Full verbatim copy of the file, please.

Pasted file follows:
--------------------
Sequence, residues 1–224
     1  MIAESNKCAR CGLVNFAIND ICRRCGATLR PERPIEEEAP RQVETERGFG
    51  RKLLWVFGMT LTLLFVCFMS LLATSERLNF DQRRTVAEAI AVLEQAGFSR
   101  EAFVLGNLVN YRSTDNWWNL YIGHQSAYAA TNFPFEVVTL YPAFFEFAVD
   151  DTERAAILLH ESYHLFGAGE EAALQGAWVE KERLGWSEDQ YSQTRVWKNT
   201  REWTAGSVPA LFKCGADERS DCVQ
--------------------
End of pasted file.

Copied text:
Sequence, residues 1–224
     1  MIAESNKCAR CGLVNFAIND ICRRCGATLR PERPIEEEAP RQVETERGFG
    51  RKLLWVFGMT LTLLFVCFMS LLATSERLNF DQRRTVAEAI AVLEQAGFSR
   101  EAFVLGNLVN YRSTDNWWNL YIGHQSAYAA TNFPFEVVTL YPAFFEFAVD
   151  DTERAAILLH ESYHLFGAGE EAALQGAWVE KERLGWSEDQ YSQTRVWKNT
   201  REWTAGSVPA LFKCGADERS DCVQ